Use summation notation to prove that $\vec\nabla (fg) = f \vec\nabla g + g\vec\nabla f$ where $f$ and $g$ are scalar functions.

So I'm assuming that I need to start by writing this in the summation notation. However, I am not familiar with how to write the gradient of a scalar in this notation. I know how to write dot product and cross, but how do we write using a scalar?

I think I'm confused on the idea of using a gradient on a scalar function? A scalar function is described as $(x_1,x_2,x_3)$, and the gradient is just the $(d/dx)$ operator on the function, so $(\frac{d}{dx} x_1, \frac{d}{dx} x_2, ..) $ Is this correct..?

  • $\begingroup$ I don't really see where you need to do any summation except for the one "+" in $\nabla(fg) = f\nabla g+ g \nabla f$. Concerning your edit: if $f=f(x_1,...,x_n)$ then $\nabla f = (\frac{df}{dx_1},...,\frac{df}{dx_n})^T$ $\endgroup$ – k1next Feb 19 '13 at 19:34
  • $\begingroup$ The method of proving this equation would be to essentially write out the left (or right side) of the equation in the notation, then doing simplifications to show that it is equivalent to the other side. I just don't know how to get started, on how to write the gradient of a just a scalar in the notation form. $\endgroup$ – julesverne Feb 19 '13 at 19:37

Let $[f]_i$ denote the $i$th component of the scalar function $f$. Then we need to prove that \begin{equation*} [\nabla(fg)]_i=[f\nabla g+g\nabla f]_i \end{equation*} But $\nabla f=(\frac{\partial f}{\partial x_1}, \frac{\partial f}{\partial x_2},..., \frac{\partial f}{\partial x_n})$, so $[\nabla f]_i=\frac{\partial f}{\partial x_i}$. Using the product rule it follows that \begin{equation*} [\nabla(fg)]_i=\frac{\partial}{\partial x_i}(fg)=f\frac{\partial g}{\partial x_i}+g\frac{\partial f}{\partial x_i}=[f\nabla g+g\nabla f]_i \end{equation*} which is the result.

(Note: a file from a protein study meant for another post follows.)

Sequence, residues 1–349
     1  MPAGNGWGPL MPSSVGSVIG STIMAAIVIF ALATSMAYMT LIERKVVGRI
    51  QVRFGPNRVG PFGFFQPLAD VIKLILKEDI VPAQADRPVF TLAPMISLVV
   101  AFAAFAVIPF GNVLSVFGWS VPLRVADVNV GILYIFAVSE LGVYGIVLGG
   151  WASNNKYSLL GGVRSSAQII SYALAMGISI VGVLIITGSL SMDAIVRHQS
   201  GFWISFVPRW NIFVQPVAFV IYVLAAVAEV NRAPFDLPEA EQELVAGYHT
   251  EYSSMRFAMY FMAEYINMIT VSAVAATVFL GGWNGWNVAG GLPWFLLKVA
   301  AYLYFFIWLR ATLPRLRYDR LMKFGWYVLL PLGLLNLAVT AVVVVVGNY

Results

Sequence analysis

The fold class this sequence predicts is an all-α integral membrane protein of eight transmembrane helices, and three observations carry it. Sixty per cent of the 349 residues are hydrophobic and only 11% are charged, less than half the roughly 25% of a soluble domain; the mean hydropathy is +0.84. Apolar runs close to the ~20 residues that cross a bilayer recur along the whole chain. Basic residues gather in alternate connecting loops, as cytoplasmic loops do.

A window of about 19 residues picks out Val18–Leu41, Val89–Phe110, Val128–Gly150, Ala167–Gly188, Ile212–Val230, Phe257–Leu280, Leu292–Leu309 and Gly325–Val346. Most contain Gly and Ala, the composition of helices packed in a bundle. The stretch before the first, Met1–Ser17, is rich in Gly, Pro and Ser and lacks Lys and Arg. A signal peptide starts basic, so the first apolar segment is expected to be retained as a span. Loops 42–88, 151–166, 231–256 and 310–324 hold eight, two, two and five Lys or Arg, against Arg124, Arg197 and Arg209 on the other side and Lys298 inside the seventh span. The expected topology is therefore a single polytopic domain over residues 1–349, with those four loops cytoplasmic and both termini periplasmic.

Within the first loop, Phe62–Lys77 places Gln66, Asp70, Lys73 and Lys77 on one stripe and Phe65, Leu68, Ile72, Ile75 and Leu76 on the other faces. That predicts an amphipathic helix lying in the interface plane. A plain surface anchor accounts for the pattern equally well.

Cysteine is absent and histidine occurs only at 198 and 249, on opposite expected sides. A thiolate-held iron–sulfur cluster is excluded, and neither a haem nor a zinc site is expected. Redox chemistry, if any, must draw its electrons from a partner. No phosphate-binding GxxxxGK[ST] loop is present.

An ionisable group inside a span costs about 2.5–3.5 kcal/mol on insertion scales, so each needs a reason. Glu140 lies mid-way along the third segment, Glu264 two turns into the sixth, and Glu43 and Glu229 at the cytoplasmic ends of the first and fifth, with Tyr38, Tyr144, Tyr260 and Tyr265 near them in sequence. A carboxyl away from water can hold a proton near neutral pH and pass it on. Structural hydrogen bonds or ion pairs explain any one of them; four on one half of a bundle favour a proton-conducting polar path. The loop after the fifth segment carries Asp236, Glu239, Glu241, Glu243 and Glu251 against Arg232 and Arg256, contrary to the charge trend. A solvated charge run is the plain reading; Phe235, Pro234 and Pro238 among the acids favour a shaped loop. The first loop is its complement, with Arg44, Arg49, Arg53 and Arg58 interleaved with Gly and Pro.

• $\begingroup$ Perfect! I didn't realize there was no specific notation for the gradient, I was confusing myself with the dot product. Thank you so much! $\endgroup$ – julesverne Feb 19 '13 at 19:47

For what it's worth:

Let $f,g: \mathbb{R}^n\rightarrow \mathbb{R}$, thus: \begin{align} \nabla(fg)&= \begin{pmatrix} \partial_{x_1} \\ ..\\ \partial_{x_n}\end{pmatrix}(fg)\\&= \begin{pmatrix} \partial_{x_1} (fg)\\ ..\\ \partial_{x_n}(fg)\end{pmatrix} =\begin{pmatrix} g\partial_{x_1}f + f\partial_{x_1}g \\ ..\\ g\partial_{x_n}f + f\partial_{x_n}g \end{pmatrix} = f \begin{pmatrix} \partial_{x_1} g\\ ..\\ \partial_{x_n}g\end{pmatrix} +g \begin{pmatrix} \partial_{x_1} f\\ ..\\ \partial_{x_n}f\end{pmatrix} \\&= f \nabla g + g \nabla f \end{align}


Your Answer

By clicking “Post Your Answer”, you agree to our terms of service, privacy policy and cookie policy

Not the answer you're looking for? Browse other questions tagged or ask your own question.